The USC Trojans won't be able to incorporate all five of their running backs into their weekly game plan.
They just won't. It doesn't work to split a couple dozen carries among a quintet of players. But what they will do, coach Lane Kiffin and running backs coach Kennedy Polamalu have indicated this week, is look to other parts of the game to determine who will get carries and how many they will get.
An example: In the third quarter of last week's game against Syracuse, Curtis McNeal made a big special-teams tackle, bringing down the Orange kick returner at the 10-yard line. Then, a bit later, McNeal got the ball five times in the fourth quarter and made himself stand out even more with 79 rushing yards, including a game-long 43-yard run.
Thursday, Polamalu compared his situation to that of D.J. Morgan, the redshirt freshman running back who lost his starting spot after fumbling in the first half of the Utah game in Week 2 and then fell even further behind the rest of the backs when he fumbled again on his only carry against Syracuse.
McNeal also fumbled against the Orange, on a kickoff return in the third quarter. The only thing different was that the Trojans recovered it.
"Curtis had the same issue happen to him," Polamalu said. "But the difference was that Curtis turned around and made a big play on special teams without the football. And that's how he gained his confidence and went on and had a good rushing game at the end of the Syracuse game.
"That's what we need to find for [Morgan]."
Polamalu is endlessly positive. Instead of looking at the running back depth chart as a sign that Morgan is out of luck for the rest of the year, he points to other players he has had in the past who have made their names on special teams when time at running back wasn't as available as they'd like: Allen Bradford, Reggie Bush, even guys like Maurice Jones-Drew and Greg Jones who he coached in the NFL.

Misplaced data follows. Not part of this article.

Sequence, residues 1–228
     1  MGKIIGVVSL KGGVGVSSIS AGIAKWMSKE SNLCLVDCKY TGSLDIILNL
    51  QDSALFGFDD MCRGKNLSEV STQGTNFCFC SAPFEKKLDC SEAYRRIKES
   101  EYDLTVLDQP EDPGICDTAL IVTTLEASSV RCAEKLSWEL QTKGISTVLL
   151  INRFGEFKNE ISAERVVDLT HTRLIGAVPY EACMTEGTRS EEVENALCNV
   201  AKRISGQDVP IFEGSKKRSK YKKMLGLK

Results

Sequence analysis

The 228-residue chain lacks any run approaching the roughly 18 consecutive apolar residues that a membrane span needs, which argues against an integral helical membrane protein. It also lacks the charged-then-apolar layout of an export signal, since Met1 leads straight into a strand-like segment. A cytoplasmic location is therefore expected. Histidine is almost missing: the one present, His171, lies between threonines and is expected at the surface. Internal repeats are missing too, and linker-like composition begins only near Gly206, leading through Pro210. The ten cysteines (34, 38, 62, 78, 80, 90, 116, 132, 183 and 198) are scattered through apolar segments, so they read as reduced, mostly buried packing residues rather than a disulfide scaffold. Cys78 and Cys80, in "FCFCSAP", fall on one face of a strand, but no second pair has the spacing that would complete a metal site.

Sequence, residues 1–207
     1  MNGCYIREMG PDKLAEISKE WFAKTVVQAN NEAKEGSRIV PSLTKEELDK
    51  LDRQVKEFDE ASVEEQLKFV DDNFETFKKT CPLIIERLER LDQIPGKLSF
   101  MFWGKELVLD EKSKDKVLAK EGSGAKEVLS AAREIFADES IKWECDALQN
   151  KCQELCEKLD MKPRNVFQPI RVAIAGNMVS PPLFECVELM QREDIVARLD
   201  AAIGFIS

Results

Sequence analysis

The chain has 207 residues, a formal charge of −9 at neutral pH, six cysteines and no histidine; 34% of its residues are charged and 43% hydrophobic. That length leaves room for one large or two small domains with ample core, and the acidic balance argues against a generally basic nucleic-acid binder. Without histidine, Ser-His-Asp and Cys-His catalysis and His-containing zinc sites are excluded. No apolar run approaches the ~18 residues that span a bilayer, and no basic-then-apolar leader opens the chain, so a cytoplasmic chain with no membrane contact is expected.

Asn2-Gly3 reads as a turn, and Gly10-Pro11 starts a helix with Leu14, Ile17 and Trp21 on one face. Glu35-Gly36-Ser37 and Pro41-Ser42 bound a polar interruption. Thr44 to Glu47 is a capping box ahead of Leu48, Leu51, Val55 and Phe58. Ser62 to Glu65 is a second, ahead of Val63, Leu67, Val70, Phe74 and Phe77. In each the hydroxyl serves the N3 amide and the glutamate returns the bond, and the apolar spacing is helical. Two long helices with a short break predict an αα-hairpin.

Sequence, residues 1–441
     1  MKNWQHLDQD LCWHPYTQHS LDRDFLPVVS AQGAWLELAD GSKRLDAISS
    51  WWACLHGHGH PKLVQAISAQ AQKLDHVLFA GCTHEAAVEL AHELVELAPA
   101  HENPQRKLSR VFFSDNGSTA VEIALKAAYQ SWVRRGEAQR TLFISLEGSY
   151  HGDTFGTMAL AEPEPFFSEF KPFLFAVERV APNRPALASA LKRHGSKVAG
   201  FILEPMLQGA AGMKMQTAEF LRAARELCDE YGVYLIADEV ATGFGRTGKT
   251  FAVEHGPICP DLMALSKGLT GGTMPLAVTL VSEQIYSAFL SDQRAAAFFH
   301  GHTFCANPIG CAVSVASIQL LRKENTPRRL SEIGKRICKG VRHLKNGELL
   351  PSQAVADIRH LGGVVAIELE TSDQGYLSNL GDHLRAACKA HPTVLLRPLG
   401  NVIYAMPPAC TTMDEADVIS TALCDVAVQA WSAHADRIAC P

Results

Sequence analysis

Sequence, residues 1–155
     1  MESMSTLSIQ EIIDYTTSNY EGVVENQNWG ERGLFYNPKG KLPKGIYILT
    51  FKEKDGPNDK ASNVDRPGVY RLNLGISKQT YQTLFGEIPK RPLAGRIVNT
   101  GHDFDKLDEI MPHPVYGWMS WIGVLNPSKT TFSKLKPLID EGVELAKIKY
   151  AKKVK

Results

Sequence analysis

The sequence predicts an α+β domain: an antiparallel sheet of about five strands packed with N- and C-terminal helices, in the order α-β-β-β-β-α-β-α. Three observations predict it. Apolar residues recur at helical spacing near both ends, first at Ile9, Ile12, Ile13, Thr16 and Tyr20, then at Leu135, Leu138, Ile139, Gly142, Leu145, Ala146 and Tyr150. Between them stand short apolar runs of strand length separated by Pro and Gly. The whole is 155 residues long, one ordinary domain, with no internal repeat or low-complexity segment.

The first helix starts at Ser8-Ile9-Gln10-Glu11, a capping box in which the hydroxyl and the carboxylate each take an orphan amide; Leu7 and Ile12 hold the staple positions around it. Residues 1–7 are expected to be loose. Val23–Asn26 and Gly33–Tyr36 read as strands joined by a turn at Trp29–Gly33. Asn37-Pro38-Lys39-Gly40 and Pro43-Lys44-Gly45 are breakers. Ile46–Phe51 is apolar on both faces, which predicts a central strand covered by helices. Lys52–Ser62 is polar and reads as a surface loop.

"I've explained to [Morgan] -- the great ones I've been around, it didn't matter if they were stacking cups or scout team, they always left me with the impression of, 'Wow. Look at him compete,' " Polamalu said. "And that's the part of the maturation process and maturity.
"Some get it; some don't. Right now, he's in the growing process."
The other running backs are in various stages in that progress. True freshman Amir Carlisle has impressed his coaches and teammates with his willingness to get involved in other facets of the game. In only six weeks with the team, he already has done everything for the Trojans, from scout team to first team and back and forth.
"That's what Amir does, and he's fared well," Polamalu said. "You watch the scout team in those blue shirts they have, he's the first one down. He doesn't need the ball to make plays.
"And that's why his confidence is up and the coaching staff and the players, they see that."
Marc Tyler's still the starter, though. He's listed as the No. 1 back this week despite his lackluster performance against Syracuse, and he's clearly getting another chance to prove himself against Arizona State.
Polamalu had an interesting perspective on Tyler's status -- essentially, he's not where he could have been had he avoided a suspension, but he's still in a pretty good spot.
"I just believe that if you do things right on and off in preparing, your mind is focused and you can win this job," he said. "And I think Marc is getting to that point. Obviously with the suspension, it was delayed. And if he had practiced in spring ball and not gotten in trouble, he'd probably by by far (the starter).
"He's our best runner, not just at running back. He's our best football IQ guy. He understands all the concepts, he knows how to protect the quarterback, he knows how to run the routes, he runs hard, he knows how to block, where the hole's going to be. And the other guys are gaining that. And being around a guy like that has helped them."